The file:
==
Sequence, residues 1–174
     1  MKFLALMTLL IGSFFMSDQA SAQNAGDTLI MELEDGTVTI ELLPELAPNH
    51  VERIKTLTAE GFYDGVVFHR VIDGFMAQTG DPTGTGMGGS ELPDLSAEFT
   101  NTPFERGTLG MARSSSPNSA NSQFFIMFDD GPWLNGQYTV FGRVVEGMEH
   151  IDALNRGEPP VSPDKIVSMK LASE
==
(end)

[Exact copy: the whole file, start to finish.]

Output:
Sequence, residues 1–174
     1  MKFLALMTLL IGSFFMSDQA SAQNAGDTLI MELEDGTVTI ELLPELAPNH
    51  VERIKTLTAE GFYDGVVFHR VIDGFMAQTG DPTGTGMGGS ELPDLSAEFT
   101  NTPFERGTLG MARSSSPNSA NSQFFIMFDD GPWLNGQYTV FGRVVEGMEH
   151  IDALNRGEPP VSPDKIVSMK LASE